from Asia Unbound

The Obama-Xi Summit And Renewed Inter-Korean Dialogue

June 10, 2013

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When the United States and China move closer to each other, leaders of the two Koreas are apt to start talking. An unanticipated side effect of Nixon’s rapprochement with China in the early 1970s was that both Kim Il-sung and Park Chung-hee established secret talks in response to a new strategic reality in which their respective patrons had established dialogue. Those talks led to a landmark inter-Korean joint declaration on July 4, 1972. Although the Obama-Xi Sunnylands summit was advertised as an introductory session not designed to produce deliverables, one indirect effect of the summit is that it has jumpstarted inter-Korean dialogue. The first working-level inter-Korean talks between the Park Geun-hye and Kim Jong-un leaderships is being held at Panmunjom nearly simultaneously with the Xi-Obama summit.

The positive effects of high-level Sino-U.S. dialogue on inter-Korean relations can be shortlived. A spike in inter-Korean tensions following North Korea’s shelling of a South Korean island in November 2010 drove North Korea up the agenda of U.S.-China relations as both countries prepared for Hu Jintao’s state visit to Washington in January 2011. In anticipation of Hu’s White House visit, North and South Korea announced high-level talks between military officials, but by the time that meeting was held, momentum had shifted and inter-Korean military talks failed.

This time, the first step in relaxation of inter-Korean tensions accompanied Secretary Kerry’s first visit to Beijing as Secretary of State in mid-April. A series of high-level visits by U.S. officials including Joint Chiefs of Staff Chairman Dempsey accompanied North Korea’s familiar tactical shift from brinkmanship to charm offensive in May. Following the announcement of the Xi-Obama summit later that month, North Korea’s top general Choe Ryong-hae delivered a letter to Xi from Kim Jong-un. However, Xi and his colleagues met Choe with a consistent and stern public message that “all the parties involved should stick to the objective of denuclearization, safeguard peace and stability on the peninsula, and resolve disputes through dialogue and consultation.” This rhetorical reordering  of Chinese priorities placing denuclearization equivalent with stability was a clear message to North Korea. For his part, General Choe pledged North Korea’s commitment to renewed dialogue, but neglected to mention denuclearization.

Days in advance of the Obama-Xi summit, North Korea suddenly offered and South Korea rapidly accepted resumption of inter-Korean talks. Representatives of the two Koreas agreed  in meetings at Panmunjom the day after the Sino-U.S. summit to hold “government talks” in Seoul on Wednesday and Thursday of this week to discuss resumption of the Kaesong Industrial Complex, the future of the joint Mount Kumgang resort, and reunion events for families separated by the Korean War-- all of which are projects that would benefit North Korea economically if they are resumed. South Korea resisted North Korean demands to hold non-governmental meetings to commemorate the anniversary of the June 15, 2000 and July 4, 1972 joint declarations.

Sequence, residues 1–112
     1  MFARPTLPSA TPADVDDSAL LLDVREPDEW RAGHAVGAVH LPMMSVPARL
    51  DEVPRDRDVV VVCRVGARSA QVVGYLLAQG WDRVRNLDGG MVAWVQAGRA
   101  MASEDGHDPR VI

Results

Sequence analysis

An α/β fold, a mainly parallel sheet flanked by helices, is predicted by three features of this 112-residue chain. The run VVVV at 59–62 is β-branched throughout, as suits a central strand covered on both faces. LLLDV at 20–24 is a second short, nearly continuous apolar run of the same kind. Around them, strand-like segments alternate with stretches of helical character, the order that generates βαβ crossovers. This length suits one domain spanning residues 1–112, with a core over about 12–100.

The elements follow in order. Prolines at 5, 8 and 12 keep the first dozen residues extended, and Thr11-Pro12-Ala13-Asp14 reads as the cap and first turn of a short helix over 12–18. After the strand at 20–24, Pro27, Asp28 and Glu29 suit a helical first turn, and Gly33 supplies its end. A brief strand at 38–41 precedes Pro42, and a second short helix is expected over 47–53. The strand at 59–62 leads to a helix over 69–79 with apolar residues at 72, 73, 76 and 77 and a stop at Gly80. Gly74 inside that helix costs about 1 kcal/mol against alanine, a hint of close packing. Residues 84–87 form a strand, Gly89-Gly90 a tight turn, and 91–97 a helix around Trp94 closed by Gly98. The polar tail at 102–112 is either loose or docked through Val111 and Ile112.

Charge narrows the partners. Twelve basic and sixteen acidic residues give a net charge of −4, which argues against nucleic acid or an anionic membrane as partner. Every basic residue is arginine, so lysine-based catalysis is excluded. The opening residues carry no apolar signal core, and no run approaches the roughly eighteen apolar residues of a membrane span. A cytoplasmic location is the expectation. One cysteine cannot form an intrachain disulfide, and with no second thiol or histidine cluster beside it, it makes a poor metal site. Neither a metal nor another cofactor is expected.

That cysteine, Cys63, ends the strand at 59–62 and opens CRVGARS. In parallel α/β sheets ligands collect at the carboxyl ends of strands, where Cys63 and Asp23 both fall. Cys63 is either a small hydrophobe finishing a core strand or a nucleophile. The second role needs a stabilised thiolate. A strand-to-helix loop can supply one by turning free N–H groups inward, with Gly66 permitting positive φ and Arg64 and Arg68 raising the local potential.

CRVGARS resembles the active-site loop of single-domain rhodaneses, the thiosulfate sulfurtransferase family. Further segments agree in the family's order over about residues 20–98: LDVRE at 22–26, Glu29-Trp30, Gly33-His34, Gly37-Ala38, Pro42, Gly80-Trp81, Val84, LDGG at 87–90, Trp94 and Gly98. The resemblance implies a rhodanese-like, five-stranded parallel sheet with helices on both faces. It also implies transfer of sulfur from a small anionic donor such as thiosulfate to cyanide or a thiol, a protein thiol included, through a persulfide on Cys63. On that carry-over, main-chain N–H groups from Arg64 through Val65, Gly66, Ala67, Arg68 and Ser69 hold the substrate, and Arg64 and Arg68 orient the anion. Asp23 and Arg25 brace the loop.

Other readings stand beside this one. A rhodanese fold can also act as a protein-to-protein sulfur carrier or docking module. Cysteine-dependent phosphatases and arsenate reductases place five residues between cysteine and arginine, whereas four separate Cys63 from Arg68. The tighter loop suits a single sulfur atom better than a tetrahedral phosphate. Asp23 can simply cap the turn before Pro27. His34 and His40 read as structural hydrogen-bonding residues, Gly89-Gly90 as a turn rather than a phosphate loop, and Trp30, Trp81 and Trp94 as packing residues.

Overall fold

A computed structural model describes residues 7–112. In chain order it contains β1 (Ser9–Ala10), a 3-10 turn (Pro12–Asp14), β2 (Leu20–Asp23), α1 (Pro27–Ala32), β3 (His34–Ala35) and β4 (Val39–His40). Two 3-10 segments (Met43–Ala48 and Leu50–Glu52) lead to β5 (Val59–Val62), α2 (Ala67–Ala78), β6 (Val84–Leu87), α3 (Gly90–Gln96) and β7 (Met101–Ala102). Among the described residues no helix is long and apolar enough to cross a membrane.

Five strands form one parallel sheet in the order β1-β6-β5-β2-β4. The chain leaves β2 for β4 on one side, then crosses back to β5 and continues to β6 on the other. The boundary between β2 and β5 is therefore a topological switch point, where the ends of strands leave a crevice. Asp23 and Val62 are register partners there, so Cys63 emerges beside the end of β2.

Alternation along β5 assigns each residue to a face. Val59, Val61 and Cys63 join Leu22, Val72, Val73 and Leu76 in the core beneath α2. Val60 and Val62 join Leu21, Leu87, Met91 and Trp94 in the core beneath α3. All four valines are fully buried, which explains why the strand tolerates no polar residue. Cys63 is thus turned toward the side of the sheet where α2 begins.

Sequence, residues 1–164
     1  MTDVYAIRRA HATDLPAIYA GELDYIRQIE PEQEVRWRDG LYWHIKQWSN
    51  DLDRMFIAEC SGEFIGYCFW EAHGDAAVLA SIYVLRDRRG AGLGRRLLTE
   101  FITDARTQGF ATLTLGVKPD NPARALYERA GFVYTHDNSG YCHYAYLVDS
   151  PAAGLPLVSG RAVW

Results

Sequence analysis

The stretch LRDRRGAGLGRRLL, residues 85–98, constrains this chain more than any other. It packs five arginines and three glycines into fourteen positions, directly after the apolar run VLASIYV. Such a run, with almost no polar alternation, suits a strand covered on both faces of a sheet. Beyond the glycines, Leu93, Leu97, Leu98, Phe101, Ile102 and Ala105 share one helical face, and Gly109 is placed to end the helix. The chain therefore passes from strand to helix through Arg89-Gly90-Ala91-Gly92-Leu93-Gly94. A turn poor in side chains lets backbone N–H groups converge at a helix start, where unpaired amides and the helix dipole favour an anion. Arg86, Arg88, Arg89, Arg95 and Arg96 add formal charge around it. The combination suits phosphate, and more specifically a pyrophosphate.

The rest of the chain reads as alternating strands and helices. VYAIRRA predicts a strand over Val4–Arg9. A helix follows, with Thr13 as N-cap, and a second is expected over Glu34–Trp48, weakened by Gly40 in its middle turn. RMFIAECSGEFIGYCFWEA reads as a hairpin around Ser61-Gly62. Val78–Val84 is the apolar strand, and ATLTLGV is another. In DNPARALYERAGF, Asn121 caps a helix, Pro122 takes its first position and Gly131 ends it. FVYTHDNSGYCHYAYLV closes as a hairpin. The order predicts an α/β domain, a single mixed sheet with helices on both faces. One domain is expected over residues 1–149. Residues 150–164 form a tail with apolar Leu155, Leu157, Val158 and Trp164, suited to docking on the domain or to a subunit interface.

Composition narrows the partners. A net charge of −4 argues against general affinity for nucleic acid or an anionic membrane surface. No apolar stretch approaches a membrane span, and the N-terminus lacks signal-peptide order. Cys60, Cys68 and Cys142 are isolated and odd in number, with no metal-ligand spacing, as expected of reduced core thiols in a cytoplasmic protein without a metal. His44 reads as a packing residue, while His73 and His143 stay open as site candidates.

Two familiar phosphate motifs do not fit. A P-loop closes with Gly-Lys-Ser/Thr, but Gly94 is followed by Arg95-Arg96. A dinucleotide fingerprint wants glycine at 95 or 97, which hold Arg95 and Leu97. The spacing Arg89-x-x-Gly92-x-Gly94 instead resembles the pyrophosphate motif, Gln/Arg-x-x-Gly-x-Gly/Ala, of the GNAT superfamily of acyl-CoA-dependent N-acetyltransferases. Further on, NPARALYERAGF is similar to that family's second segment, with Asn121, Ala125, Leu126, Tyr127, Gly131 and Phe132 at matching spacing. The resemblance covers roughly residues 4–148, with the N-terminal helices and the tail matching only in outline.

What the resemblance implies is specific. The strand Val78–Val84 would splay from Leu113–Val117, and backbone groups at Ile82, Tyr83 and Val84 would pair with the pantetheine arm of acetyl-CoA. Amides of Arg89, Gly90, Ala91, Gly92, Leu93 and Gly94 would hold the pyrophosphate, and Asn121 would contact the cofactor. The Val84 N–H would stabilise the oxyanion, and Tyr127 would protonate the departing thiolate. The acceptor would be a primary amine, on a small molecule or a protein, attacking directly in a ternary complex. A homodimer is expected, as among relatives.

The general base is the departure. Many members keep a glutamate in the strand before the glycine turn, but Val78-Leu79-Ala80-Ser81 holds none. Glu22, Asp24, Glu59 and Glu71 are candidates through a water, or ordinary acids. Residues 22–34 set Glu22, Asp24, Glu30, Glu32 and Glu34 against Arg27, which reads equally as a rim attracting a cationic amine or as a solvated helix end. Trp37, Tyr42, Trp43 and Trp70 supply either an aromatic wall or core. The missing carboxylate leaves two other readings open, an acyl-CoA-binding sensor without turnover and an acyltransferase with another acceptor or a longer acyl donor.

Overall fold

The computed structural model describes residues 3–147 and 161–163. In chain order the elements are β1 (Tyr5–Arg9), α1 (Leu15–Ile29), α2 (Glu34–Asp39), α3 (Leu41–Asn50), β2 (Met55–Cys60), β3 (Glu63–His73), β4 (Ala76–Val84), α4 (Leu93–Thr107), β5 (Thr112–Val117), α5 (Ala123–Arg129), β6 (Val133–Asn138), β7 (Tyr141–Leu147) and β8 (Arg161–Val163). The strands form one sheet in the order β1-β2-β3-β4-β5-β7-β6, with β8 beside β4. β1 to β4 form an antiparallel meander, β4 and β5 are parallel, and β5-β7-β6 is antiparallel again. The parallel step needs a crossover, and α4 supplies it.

Both Koreas have a strong incentive to advance inter-Korean talks prior to Park Geun-hye’s visit to Beijing scheduled for the end of June, where reports are that President Xi is prepared to roll out the red carpet for her. Having solidified the U.S.-ROK alliance during her early May visit to Washington, a step forward on Trustpolitik would help Park in relations with Beijing, while Pyongyang has a double economic and political incentive to cooperate with Seoul both to forestall greater Sino-ROK cooperation on North Korean denuclearization and to lessen growing economic dependency on Beijing.

In his readout to the press following the Obama-Xi summit, National Security Adviser Tom Donilon emphasized Sino-U.S. “alignment” on North Korea, including Chinese pledges to deepen “cooperation and dialogue to achieve denuclearization.” Donilon’s characterization of the outcome of the conversation was that both sides will “apply pressure both to halt North Korea’s ability to proliferate and to make clear that its continued pursuit of nuclear weapons is incompatible with its economic development goals.” By pushing for a U.S.-(ROK)-PRC alignment in opposition to a nuclear North Korea, the Obama administration is reaching a crunch point in its efforts to prove to North Korea’s leaders that Pyongyang’s nuclear development efforts are regime-endangering, and that the future of the North’s economic development—and regime survival—in fact turn on North Korea’s denuclearization.